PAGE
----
Just 10 days after police charged a 38-year-old man with possession of hydrocodone and five rocks of crack cocaine at the U of M Lambuth Campus, a U of M custodian found four grams of methamphetamine in an empty bedroom at Centennial Place. Campus police also found four grams of marijuana at the “Bluff City Bash” on Nov.10. 

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While a U of M custodian was cleaning an empty bedroom, he found a white and powdery substance wrapped in cellophane under a desk, according to a police report written by officer James Vickers. The custodian reported the substance to his boss in her office at Centennial Place, according to the report, and Residence Life then called campus police. The package tested positive for four grams of methamphetamine and was tagged in the property room of 201 Poplar Ave., according to the report.

Earlier this week The Daily Helmsman reported that on Nov. 3, police charged a 38-year-old man with possession of hydrocodone and five rocks of crack cocaine at Varnell Jones Hall at the U of M Lambuth Campus. The suspect admitted to taking 10 milligrams of hydrocodone and smoking marijuana before the officer found the rocks in his possession, according to a police report written by officer Jenny Smith.

“Other than their unusual nature, we are not seeing any trend or causal links among these reports,” Derek Myers, assistant chief of campus police, said.

Most of the drug offenses campus police deal with involve marijuana, Myers said.

During the “Bluff City Bash” concert, officer Glenda Bowie found a small bag of marijuana while working the eastern gate. The “baggie” was found thrown under a table at the concert check-in, according to a police report written by Bowie. The bag was then weighed at dispatch and identified as four grams of marijuana. The source of the drug is unknown, according to the report. A drug/weapons report was filed, and the substance was tagged at the Memphis Police Department property room.

It is not common for campus police to find drugs in this way, according to Myers. 

“It is more common to get a call to investigate possible use and to have suspects than it is to find drugs abandoned,” Myers said.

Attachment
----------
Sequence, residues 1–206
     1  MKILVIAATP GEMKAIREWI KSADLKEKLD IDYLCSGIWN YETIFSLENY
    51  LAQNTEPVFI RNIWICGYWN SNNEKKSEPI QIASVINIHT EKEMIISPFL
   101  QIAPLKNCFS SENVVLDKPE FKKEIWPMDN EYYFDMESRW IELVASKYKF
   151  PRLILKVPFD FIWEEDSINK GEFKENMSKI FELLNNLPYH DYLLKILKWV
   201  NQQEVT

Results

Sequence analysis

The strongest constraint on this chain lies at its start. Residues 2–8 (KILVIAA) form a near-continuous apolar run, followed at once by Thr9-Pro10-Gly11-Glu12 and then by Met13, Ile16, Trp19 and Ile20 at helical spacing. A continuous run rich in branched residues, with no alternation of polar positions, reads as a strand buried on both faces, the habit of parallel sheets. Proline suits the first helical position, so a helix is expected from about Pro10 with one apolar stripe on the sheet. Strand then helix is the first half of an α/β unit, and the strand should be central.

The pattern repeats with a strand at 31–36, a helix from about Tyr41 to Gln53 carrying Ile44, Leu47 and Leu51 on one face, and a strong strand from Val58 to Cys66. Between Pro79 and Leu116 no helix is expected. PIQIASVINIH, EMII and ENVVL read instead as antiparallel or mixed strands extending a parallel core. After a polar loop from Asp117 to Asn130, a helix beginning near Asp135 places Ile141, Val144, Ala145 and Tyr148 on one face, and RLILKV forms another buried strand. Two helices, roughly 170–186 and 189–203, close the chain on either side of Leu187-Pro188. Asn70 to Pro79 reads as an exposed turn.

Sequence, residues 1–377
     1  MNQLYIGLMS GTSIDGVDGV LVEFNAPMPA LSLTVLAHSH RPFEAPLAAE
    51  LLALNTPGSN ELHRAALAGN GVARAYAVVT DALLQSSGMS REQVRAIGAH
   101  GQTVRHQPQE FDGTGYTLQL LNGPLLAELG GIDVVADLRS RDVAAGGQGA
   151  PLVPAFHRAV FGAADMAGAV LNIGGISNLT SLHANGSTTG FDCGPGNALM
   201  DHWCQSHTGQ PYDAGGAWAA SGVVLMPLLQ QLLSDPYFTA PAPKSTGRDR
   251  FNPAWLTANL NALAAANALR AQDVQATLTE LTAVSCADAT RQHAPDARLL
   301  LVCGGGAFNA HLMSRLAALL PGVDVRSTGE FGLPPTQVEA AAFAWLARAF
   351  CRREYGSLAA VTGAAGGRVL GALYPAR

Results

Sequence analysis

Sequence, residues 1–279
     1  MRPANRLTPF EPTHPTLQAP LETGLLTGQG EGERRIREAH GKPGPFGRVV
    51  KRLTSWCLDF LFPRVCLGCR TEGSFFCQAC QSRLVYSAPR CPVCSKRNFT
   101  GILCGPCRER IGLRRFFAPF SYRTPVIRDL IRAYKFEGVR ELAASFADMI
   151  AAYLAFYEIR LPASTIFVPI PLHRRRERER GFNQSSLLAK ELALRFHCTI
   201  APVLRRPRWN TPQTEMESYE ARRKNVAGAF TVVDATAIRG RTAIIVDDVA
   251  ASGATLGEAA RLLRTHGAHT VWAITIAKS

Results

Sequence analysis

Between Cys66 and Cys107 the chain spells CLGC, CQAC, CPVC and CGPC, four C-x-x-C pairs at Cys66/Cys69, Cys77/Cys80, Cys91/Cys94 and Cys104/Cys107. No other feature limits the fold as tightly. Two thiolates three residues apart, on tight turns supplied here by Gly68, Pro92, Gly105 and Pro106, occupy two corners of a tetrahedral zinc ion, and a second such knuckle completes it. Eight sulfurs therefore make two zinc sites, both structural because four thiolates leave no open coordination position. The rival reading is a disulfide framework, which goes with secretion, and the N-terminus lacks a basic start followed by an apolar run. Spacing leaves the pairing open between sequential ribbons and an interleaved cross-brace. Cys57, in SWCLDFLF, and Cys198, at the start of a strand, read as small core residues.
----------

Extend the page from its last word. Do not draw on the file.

The types of drugs in some of these recent reports are also uncommon, Myers said.

A previous Daily Helmsman story highlighted how many college students were found to have been offered cocaine in a study by University of Maryland’s school of public health and psychology department as well as the Treatment Research Institute. In the longitudinal study of 1,253 college students, over a quarter (36 percent) had been asked to use cocaine and 13 percent had used the substance. 

Myers told The Daily Helmsman in September even small amounts of cocaine are a Class C Felony under Tennessee law, which would result in an arrest. The state’s law declares a person convicted of such a felony is subject to paying a fine of up to $10,000 and serving a prison term for three to 15 years.

Myers said all drugs are taken to the Memphis Police Department property room (or Jackson Police for the Lambuth campus), regardless of circumstance or suspect information, where they get tested and weighed before being stored. All substances get treated the same as far as the seizure process, he said.

The Drug-Free Campus and Alcohol Abuse Prevention Policy states “the U of M prohibits students and employees from engaging in the unlawful use, possession, sale, distribution or manufacture of controlled substances” in accordance with local, state and federal law. The purpose of this policy is “to convey the university’s care and concern for the members of the campus community,” given alcohol abuse and other drug use on college campuses “is a major public health concern.”

The policy states students and Registered Student Organizations are required to comply with this policy, the Code of Student Rights and Responsibilities and the University Student Housing Policy. Students and RSOs are subject to disciplinary action for any violation of this policy. 

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